Similarly, pharma business development executives know what they are looking for. They have lived through the commercial realities of success and failure with brands; the challenges of creating differentiation, demonstrating value and changing clinical behaviour.

"Stakeholders need to hear a simple, compelling story; a succinct delivery of the science alongside an objective view of unmet need and realistic financial potential"

Both of these stakeholders need to hear a simple, compelling story; a succinct delivery of the science alongside an objective view of unmet need and realistic financial potential. This can be difficult to do when working with assets that are yet to pass proof of concept. Start-ups and biotechs rightly have passion and excitement for their asset, fuelled by scientific excellence and years of personal commitment. However, it is essential to back this enthusiasm with commercial facts and figures.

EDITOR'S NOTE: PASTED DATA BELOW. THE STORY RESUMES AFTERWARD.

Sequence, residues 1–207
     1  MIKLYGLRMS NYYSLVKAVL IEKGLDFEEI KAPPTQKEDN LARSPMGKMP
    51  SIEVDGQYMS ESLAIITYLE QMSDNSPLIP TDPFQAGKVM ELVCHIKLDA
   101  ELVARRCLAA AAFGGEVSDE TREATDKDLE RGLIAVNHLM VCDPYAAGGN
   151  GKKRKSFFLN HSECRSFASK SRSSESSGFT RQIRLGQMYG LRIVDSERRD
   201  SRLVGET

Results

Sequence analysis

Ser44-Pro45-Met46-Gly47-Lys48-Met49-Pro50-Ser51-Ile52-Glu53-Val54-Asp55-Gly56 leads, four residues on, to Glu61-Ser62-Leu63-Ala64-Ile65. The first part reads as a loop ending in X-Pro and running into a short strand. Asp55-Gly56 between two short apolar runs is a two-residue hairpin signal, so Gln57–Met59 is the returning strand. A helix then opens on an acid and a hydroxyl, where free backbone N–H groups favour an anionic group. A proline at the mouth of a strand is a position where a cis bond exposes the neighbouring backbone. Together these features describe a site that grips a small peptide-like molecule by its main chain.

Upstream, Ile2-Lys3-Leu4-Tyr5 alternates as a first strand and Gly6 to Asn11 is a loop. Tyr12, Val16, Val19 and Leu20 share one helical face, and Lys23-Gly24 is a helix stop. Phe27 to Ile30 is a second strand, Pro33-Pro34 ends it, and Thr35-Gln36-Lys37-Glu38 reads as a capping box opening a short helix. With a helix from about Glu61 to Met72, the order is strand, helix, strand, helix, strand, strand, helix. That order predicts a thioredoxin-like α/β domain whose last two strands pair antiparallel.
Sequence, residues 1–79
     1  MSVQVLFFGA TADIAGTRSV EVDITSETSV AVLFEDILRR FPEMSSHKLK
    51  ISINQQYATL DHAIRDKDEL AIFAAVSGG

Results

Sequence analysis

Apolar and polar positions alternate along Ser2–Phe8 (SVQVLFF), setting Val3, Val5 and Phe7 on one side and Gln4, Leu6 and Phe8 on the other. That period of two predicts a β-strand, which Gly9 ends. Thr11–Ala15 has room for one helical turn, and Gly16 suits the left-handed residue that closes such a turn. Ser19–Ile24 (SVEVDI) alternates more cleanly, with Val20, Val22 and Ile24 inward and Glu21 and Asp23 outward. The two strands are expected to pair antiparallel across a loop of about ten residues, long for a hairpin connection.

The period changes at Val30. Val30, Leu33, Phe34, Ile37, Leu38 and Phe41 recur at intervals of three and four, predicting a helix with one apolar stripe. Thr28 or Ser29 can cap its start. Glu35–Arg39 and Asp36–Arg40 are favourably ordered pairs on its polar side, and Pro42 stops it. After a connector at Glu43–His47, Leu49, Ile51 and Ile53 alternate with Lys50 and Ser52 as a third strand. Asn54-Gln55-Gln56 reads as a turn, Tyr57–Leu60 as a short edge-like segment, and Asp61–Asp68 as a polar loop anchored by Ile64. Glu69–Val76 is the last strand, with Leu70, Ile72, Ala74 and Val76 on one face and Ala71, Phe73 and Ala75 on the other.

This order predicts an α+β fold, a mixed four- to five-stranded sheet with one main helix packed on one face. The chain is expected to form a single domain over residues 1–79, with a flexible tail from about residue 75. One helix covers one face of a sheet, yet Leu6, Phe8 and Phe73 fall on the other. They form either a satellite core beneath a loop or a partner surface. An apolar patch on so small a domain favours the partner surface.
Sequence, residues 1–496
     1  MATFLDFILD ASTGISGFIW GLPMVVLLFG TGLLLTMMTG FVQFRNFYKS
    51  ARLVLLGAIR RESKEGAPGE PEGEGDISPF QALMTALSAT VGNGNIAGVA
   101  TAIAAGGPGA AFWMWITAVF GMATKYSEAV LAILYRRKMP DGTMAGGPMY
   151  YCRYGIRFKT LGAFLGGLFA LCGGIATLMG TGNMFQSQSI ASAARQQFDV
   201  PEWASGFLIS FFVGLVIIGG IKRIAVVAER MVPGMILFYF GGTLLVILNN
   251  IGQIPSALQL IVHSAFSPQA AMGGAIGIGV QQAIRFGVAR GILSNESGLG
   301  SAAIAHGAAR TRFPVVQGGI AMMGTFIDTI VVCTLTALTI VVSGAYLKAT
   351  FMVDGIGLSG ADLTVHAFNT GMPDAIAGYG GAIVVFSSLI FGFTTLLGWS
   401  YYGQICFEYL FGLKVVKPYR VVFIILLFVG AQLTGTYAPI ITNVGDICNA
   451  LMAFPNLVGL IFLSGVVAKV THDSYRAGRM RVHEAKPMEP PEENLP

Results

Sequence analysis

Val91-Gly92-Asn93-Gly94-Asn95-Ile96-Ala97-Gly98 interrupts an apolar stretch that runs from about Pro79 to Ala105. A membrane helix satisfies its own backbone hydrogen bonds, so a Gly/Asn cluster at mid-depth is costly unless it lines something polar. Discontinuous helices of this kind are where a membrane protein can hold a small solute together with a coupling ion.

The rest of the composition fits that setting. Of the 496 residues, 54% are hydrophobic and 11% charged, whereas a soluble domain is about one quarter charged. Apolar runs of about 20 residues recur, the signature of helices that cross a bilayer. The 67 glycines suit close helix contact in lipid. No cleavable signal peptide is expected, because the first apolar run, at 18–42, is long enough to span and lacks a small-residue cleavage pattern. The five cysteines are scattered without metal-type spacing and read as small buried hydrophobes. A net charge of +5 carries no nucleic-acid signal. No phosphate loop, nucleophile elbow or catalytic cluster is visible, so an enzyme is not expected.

While a strong foundation of scientific expertise and data exists, typically, start-ups do not have capacity for large-scale market landscaping studies. However, the good news is that while these will be required at some point in the future, much can be gleaned from available data and conversations with the right clinical and payer experts to form credible hypotheses on which to base commercial models.

Developing the commercial argument

Analysis needs to go beyond the headlines of morbidity, mortality and $n billion costs of a disease, and broad approximations of potential market share and pricing. A commercial argument needs to answer five simple, yet broad, questions:

• What are the clinical and economic burdens of the disease?